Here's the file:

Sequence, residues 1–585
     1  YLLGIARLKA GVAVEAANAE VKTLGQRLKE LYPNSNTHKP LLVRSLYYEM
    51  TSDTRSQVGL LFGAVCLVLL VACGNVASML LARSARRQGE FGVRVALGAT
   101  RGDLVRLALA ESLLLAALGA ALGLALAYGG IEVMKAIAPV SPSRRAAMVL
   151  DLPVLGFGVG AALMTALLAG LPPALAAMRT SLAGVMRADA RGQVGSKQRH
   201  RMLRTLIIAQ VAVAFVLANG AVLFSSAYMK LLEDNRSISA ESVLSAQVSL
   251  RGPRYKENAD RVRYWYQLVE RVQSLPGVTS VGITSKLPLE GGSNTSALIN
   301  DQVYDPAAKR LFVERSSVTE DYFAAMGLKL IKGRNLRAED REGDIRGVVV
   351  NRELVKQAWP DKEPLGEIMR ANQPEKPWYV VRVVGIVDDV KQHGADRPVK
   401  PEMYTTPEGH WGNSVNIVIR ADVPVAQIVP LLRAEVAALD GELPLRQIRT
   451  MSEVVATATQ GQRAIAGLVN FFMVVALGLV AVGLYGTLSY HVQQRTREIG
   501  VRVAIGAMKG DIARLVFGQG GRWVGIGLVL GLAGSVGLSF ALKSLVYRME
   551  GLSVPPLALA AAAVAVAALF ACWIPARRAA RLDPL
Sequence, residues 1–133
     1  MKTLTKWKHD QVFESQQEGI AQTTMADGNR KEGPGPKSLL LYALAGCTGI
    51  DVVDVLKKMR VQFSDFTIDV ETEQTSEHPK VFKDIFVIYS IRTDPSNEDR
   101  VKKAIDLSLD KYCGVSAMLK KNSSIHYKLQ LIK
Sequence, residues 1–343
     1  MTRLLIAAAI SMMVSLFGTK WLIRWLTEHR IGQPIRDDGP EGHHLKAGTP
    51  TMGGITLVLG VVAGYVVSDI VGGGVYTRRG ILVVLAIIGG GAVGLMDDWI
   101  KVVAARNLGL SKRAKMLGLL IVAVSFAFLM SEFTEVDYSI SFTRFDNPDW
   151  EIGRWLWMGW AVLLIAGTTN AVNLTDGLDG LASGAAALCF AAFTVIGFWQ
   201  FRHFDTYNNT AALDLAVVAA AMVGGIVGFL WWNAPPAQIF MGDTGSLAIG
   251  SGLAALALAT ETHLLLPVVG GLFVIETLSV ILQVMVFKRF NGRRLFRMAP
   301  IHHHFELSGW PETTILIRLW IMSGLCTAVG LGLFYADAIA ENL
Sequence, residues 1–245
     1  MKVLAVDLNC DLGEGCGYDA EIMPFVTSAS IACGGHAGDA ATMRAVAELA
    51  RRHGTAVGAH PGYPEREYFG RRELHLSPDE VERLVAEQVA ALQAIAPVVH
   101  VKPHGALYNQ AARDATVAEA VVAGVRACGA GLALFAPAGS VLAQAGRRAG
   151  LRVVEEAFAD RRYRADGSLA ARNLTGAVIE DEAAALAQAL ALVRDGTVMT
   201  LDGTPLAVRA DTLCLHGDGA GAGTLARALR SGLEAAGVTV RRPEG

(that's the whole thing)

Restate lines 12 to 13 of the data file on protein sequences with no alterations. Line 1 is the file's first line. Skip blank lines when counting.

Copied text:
   501  VRVAIGAMKG DIARLVFGQG GRWVGIGLVL GLAGSVGLSF ALKSLVYRME
   551  GLSVPPLALA AAAVAVAALF ACWIPARRAA RLDPL